ALBUQUERQUE, N.M. -- That proteins fold isn't just a good idea, it's the law -- the law of life. Proteins are born resembling strings of beads. These fold to become brain, blood, biceps, and bone. But incomplete folds cause disabling diseases like Alzheimer's and "mad cow" syndrome. They also cause respiration and locomotion failures -- aims of biowarfare -- because protein functions can't be fully carried out.
Now the first successful computational model to capture the process of one protein interfering with the folding of another has been created at the Department of Energy's Sandia National Laboratories.
The results will help laboratory scientists understand the mechanisms by which incomplete folds occur, in order to prevent them.
"This is a step toward successful protein engineering," says principal researcher Sorin Istrail. "It provides our first clue in how to design sequences of laboratory proteins that can survive the essential but complicated folding process."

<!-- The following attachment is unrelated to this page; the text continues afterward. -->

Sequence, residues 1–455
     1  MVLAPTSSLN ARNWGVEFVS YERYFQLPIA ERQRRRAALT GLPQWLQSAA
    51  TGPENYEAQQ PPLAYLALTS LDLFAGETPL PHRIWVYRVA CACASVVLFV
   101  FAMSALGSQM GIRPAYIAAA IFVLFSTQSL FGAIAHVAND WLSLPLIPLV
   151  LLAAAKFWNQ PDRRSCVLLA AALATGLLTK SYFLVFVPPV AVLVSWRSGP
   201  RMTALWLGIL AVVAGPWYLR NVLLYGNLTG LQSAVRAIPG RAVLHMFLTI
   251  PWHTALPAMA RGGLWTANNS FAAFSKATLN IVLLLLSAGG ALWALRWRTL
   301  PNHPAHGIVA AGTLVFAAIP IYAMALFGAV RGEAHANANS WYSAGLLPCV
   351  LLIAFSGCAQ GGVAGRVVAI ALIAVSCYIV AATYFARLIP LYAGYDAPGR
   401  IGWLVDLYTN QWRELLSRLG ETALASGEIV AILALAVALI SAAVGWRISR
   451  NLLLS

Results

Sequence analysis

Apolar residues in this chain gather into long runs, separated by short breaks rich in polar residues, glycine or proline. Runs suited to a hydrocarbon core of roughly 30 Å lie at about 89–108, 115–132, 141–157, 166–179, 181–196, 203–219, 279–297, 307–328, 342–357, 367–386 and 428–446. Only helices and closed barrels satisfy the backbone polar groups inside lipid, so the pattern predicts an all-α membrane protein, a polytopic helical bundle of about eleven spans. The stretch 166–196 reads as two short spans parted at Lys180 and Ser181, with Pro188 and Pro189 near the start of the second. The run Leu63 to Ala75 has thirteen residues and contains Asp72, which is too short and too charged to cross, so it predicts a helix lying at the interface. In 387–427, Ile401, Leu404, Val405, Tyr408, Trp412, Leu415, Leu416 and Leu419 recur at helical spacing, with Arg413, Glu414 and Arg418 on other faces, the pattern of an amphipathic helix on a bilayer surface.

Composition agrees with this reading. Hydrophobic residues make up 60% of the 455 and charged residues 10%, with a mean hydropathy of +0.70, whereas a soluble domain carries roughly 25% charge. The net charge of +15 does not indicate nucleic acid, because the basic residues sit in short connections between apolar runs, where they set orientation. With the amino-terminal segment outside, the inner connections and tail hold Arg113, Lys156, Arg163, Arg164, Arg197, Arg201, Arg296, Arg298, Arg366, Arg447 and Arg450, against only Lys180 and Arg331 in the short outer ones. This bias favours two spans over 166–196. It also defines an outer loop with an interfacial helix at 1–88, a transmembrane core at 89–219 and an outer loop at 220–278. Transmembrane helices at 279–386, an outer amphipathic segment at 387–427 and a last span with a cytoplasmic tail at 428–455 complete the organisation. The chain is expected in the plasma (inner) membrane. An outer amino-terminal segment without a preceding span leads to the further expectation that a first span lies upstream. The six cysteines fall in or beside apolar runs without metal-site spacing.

"Our next project is to apply our system to uncover clues about the mechanism of misfolding that occurs in Alzheimer's," he says.
Istrail collaborated with biologist Jonathan King and computer graduate student Russell Schwartz, both from the Massachusetts Institute of Technology. A paper describing the work will be published this spring in the Journal of Computational Biology (Vol. 6, No. 2).
Says King, "This is the first time any computer scientist has taken this fundamental step within a mathematically sound model. Though there are millions of proteins in any real-world experiment, the conceptual leap in modeling is in going from one protein to two."
King, president of the Biophysical Society, pioneered "wet" laboratory experiments to uncover protein-misfolding mechanisms.
The conceptual leapThe notorious complexity of simulating the folding of even a single protein, and the lack of computational resources to do so, had inhibited researchers from attempting robust (reproducible) multiprotein simulations till now.